Saturday, March 22, 2014

Indian elections and quantum mysteries

The first time one hears about the famous double-slit experiment in physics, one returns perplexed, mystified. Indeed, that is the effect desired by the raconteur. The student must be introduced to the weirdness of quantum physics at the most basic level just so she would be able to take additional perplexities in her stride.
It almost feels like I am going through what that student would have experienced from the second telling of the experiment. I am talking about a candidate in Indian elections being able to contest from more than one constituency. The first time I thought about this situation was when Sonia Gandhi contested from two places, from Amethi in UP and Bellary in Karnataka, in 1999. The situation is being reprised at that level in the upcoming elections for the Lok Sabha.
The attention grabbing character this time round is none other than the putative prime minster, Narendra Modi, NaMo. He will be contesting from the high profile constituency Varanasi and another one from Gujarat (the name escapes me, if indeed it has been announced).
I draw a parallel with the double-slit experiment in more ways than one. The easier is the straight forward one, the first thought that comes to one’s mind – which constituency would he discard if he won from both? This is precisely like asking which of the two slits did that photon not go through! In case he wins both, during the campaign he must have been, just as Sonia Gandhi, lying to people of one of the two places, of his willingness to represent them in the parliament. Would a Gujarati have been lying to the masses of that state? Perish the thought. But, Varanasi, the stairway to Heaven, particularly for the RSS man, beckons.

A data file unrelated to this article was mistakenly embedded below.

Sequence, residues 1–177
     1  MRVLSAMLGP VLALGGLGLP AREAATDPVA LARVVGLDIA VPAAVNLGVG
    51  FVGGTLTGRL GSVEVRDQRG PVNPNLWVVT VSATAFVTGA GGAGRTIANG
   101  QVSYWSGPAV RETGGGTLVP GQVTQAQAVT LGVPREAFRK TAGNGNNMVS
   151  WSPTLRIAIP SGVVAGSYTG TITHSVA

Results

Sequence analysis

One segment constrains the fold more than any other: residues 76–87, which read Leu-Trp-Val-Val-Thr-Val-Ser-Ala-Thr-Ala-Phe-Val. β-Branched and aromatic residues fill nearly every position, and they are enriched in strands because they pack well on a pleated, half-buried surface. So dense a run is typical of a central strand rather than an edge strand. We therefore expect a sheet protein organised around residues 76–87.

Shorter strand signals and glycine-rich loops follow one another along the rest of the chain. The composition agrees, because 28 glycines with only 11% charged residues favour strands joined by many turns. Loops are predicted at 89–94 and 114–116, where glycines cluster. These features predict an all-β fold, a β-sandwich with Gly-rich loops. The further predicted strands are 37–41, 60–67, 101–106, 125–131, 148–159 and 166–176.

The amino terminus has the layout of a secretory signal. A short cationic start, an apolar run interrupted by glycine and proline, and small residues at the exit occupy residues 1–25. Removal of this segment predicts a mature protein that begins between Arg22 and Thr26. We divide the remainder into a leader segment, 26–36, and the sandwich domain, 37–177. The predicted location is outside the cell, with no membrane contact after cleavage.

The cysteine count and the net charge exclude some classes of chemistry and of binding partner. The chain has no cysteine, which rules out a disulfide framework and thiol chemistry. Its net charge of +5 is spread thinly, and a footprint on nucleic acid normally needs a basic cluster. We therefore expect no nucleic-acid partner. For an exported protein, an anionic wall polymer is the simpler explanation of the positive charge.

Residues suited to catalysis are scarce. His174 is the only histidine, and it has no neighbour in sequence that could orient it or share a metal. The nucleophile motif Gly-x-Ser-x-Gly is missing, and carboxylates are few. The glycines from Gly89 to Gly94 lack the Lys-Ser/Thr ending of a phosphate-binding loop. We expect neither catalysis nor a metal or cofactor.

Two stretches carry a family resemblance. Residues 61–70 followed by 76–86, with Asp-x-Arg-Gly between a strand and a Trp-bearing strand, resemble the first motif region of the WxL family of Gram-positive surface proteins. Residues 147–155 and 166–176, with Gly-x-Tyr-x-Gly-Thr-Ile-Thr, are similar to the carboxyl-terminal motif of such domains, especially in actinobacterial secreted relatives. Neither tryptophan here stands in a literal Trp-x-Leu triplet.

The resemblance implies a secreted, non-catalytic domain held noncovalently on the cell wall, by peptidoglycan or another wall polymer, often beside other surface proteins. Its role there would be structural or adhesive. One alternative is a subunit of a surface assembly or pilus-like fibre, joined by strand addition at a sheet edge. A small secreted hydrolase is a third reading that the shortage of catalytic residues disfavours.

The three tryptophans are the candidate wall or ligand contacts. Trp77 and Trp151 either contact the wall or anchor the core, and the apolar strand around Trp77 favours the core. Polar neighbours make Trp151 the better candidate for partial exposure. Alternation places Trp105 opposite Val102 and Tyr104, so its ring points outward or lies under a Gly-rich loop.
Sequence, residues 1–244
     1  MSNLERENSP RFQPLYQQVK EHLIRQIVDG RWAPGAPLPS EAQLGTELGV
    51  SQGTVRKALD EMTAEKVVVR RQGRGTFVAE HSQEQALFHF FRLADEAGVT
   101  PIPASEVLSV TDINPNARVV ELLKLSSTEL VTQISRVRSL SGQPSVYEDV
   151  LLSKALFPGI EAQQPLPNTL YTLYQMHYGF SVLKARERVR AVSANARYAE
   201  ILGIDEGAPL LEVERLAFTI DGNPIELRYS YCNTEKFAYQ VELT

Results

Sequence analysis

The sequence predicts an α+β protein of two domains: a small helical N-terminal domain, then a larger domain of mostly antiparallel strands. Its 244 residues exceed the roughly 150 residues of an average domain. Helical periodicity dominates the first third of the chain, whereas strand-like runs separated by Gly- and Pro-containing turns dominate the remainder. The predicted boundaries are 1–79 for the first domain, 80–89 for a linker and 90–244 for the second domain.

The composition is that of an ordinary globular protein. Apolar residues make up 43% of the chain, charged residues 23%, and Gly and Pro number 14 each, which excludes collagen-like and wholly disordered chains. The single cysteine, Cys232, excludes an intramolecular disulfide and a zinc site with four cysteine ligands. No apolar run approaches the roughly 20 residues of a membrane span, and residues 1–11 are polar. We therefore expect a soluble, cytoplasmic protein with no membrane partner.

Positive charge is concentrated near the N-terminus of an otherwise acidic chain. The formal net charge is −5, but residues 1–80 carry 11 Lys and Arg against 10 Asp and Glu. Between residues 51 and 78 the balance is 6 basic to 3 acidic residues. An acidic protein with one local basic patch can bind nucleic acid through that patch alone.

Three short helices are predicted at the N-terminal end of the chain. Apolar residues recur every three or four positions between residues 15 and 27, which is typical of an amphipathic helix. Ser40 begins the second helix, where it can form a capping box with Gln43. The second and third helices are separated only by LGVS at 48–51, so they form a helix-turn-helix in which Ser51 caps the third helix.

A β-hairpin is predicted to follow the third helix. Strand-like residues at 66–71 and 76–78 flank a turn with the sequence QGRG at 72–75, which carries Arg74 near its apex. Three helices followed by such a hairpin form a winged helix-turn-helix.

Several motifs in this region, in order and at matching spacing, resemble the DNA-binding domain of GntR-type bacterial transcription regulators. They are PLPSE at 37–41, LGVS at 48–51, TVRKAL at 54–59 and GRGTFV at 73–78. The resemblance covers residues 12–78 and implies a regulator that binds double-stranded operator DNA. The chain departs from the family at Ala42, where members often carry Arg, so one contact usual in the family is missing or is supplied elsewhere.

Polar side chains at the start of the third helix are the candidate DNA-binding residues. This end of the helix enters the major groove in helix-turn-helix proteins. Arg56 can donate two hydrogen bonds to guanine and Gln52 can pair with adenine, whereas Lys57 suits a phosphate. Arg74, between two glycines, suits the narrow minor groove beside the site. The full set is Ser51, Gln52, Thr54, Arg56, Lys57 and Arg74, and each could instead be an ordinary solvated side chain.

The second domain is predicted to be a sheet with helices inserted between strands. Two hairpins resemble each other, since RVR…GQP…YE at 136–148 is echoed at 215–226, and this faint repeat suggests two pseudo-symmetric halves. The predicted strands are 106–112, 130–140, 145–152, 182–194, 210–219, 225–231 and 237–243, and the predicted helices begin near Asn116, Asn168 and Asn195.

As an aside, should anyone be aware of the debates in the Constituent Assembly that endorsed our Constitution, please do let me know why it did not stipulate that a candidate can contest from only one constituency in any particular election.
Back to the main discussion, to ratchet up the complexity. Just assume, and here I will be stepping on the toes of the NaMo faithful, that he lost the high-profile Varanasi contest (not unthinkable, but with longer odds than Jayalalithaa appearing in a court in Bengaluru). What happens to NaMo’s street cred to lead the country? I believe this is the thinking behind our street fighter Arvind Kejriwal choosing a direct fight against the BJP supremo.
It is not as though should NaMo win Varanasi, Kejriwal retires unhurt. Kejriwal has something to lose, without a doubt. If he had chosen a “safer” constituency to contest, he could have claimed that being in the parliament and serving the people came first for him, whichever constituency, never mind it being “safe”. Now, he has painted himself in a corner. If he lost Varanasi, the AAP parliamentary party (with strength of how many ever seats) will be without its acknowledged leader. Or, will Kejriwal pull a fast one and do a NaMo and contest from an additional seat? It gets curioser and curioser.
This is what happens with more complex versions of the double-slit experiment. It now appears that even if the experimental set up is changed after the light particle left its source, it still figures out how to adjust itself and pass through the “right” slit (it is far too complicated for me to explain, but this is the crux)!
So, Indian elections are quantum experiments!
Raghuram Ekambaram

No comments: